Forget panning for gold or extracting copper ore. A new study shows that recovering metals from discarded electronics, a process known as urban mining, is far less expensive than mining them the traditional way.
If you're reading this, you're part of one of our planet's biggest problems: e-waste. Eventually, your smartphone slows down or you simply give in to the hype and decide it's time to upgrade. You may forget all about your discarded device the minute you get your hands on its shiny new replacement, but the planet won't.
In 2016 alone, the world discarded 44.7 million metric tons of unusable or simply unwanted electronics, according to the United Nations' 2017 Global E-Waste Monitor report. That's 4,500 Eiffel Towers-worth of phones, laptops, microwaves, and TVs. Only 20 percent of this e-waste was properly recycled that year. The rest was likely either incinerated, pumping pollution into the atmosphere, or added to a landfill somewhere, with its toxins now leaking into our soil and water supply.
So. Simply trashing our electronics is bad for the environment, but that's clearly not enough to prevent the practice. What may be enough, though, is the news that those discarded electronics could be a literal gold mine.
Of course, we already knew electronics contain precious metals in addition to all that glass and plastic. While a single smartphone might not contain all that much, consumers buy about 1.7 billion of the devices each year. In just one million of those, you'll find roughly 75 pounds of gold, 35,000 pounds of copper, and 772 pounds of silver.
It all adds up. But according to a press release from the American Chemical Society, no one was quite sure whether mining it was economically worthwhile.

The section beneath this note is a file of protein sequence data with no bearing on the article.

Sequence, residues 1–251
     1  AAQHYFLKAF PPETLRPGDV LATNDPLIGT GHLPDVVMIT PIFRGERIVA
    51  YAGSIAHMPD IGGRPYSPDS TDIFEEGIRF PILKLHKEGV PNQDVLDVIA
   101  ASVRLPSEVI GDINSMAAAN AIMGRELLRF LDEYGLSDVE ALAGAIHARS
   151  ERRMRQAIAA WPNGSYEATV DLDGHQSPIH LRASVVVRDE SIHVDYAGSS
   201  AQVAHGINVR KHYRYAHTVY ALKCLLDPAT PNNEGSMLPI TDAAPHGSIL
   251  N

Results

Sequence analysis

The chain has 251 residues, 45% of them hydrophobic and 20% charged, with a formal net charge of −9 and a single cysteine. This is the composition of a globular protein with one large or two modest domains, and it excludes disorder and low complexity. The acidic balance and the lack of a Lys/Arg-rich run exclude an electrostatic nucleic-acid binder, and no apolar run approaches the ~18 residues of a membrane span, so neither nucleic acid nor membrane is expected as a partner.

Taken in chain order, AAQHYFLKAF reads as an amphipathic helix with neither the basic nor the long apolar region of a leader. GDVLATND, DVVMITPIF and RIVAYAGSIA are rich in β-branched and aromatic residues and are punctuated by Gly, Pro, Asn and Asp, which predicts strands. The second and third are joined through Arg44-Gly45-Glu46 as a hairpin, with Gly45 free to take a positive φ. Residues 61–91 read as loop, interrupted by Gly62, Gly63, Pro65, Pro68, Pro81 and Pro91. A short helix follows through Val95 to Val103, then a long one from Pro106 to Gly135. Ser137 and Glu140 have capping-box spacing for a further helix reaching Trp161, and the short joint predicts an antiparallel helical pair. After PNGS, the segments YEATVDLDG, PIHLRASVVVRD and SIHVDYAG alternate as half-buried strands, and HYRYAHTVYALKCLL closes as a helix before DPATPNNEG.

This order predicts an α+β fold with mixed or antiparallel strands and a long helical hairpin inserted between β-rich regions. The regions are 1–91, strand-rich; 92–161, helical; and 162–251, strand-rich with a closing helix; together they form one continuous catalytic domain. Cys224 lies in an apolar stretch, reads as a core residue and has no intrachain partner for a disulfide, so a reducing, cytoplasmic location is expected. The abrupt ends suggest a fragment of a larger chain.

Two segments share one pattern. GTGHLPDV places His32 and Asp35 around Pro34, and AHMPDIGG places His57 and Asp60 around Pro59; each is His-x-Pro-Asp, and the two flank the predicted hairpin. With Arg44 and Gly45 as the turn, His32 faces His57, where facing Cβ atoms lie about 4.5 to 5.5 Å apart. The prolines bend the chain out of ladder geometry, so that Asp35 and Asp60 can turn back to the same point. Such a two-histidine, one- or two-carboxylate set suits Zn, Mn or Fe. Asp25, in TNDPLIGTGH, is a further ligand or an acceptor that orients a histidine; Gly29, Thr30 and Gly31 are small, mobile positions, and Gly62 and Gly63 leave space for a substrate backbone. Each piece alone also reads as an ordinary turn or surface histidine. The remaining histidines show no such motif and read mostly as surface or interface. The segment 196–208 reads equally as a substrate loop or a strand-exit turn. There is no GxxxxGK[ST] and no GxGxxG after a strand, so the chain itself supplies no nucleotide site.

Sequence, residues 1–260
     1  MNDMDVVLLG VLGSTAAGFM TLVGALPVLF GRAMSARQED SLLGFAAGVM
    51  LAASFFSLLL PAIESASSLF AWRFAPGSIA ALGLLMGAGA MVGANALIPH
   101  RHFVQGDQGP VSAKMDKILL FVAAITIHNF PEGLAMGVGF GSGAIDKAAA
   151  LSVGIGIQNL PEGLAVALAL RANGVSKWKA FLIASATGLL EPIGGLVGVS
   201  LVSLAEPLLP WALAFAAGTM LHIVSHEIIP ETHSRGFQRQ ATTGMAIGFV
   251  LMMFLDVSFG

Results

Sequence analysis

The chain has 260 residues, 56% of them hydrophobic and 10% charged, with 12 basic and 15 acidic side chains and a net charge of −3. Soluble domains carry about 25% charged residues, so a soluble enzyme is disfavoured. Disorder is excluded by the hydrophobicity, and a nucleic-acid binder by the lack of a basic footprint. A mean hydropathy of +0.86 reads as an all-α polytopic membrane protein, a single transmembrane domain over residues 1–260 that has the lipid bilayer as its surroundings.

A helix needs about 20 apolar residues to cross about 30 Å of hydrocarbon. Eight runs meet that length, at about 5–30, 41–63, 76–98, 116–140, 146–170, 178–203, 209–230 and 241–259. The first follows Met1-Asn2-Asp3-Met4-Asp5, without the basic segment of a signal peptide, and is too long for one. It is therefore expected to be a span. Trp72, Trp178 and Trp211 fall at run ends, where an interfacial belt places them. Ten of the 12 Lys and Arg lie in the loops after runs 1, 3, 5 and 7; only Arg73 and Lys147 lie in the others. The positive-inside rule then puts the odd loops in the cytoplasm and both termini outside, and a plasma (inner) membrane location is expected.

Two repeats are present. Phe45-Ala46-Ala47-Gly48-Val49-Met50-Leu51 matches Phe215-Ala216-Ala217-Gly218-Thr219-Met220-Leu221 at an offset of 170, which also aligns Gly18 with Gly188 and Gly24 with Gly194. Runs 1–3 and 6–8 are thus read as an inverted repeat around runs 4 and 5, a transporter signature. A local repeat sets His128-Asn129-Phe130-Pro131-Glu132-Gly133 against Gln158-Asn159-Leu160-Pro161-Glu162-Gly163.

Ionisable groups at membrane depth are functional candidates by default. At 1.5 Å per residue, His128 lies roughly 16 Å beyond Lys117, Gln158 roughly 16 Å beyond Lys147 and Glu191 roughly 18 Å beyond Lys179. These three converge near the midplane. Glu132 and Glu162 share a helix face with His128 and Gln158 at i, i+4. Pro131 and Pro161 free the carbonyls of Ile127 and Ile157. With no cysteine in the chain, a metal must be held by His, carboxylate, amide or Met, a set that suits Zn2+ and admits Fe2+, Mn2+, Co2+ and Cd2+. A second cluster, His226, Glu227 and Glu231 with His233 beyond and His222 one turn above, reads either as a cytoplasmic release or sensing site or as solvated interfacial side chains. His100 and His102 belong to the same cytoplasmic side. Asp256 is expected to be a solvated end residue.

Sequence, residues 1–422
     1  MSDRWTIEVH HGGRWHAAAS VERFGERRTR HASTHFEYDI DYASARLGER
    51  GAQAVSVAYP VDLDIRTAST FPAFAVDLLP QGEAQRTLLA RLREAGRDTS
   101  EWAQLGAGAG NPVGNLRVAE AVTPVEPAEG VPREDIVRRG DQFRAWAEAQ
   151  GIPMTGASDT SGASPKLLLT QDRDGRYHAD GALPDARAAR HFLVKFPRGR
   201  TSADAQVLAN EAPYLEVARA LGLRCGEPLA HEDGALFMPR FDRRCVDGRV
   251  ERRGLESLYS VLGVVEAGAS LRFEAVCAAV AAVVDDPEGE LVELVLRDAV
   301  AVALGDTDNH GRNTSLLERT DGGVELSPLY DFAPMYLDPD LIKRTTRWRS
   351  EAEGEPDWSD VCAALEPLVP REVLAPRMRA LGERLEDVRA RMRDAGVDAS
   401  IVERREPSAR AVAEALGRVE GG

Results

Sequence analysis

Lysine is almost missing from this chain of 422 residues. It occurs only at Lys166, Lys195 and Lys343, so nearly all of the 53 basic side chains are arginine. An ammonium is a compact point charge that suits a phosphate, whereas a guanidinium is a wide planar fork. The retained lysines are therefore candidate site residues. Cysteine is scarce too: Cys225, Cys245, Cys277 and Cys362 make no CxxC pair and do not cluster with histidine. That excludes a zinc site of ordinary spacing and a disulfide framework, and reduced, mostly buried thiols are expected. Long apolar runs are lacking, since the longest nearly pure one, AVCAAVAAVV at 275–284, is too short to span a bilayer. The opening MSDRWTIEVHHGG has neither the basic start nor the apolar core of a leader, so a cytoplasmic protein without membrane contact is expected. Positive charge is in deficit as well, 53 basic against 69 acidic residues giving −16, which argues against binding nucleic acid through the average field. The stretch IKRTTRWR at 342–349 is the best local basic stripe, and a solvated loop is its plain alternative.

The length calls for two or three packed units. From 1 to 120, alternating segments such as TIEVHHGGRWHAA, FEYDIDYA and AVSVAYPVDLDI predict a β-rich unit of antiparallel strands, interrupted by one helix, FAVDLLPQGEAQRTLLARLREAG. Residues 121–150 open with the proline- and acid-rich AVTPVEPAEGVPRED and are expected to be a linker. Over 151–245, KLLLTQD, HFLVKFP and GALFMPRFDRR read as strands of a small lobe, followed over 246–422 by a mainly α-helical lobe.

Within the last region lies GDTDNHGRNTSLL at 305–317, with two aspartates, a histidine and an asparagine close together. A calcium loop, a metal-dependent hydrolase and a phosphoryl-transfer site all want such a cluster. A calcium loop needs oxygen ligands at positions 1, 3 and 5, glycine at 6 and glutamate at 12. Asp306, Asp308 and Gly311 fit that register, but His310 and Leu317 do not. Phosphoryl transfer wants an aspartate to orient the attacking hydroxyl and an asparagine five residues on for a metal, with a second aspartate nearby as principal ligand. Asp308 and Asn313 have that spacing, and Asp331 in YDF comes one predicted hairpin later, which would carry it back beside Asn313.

To clear up that issue, a trio of researchers from Bejing's Tsinghua University and Sydney's Macquarie University conducted a study, the results of which are now published in the journal Environmental Science and Technology.
First, the researchers collected data from eight recycling companies in China. They calculated all the costs associated with mining gold and copper from recycled television sets – from gathering the e-waste to paying for the equipment and buildings needed to recycle it.
After they figured that out, they factored in government subsidies and the money the companies could make selling the various components into the equation. Lastly, the researchers compared the total cost of this urban mining to that of ore mining and concluded that ore mining was 13 times more expensive.
Of course, not every nation has the same subsidies as China, nor will all the costs of recycling be the same everywhere. However, China is the world's largest producer of e-waste, according to the UN report. If companies in that nation see they can make money by mining metals from e-waste, it could have a big impact on the overall problem.
Maybe more Chinese companies get into the business of urban mining. Perhaps companies in other nations start looking into the practice. Or maybe, just maybe, you'll think twice about what to do with your lame old smartphone once you get your hands on its replacement.
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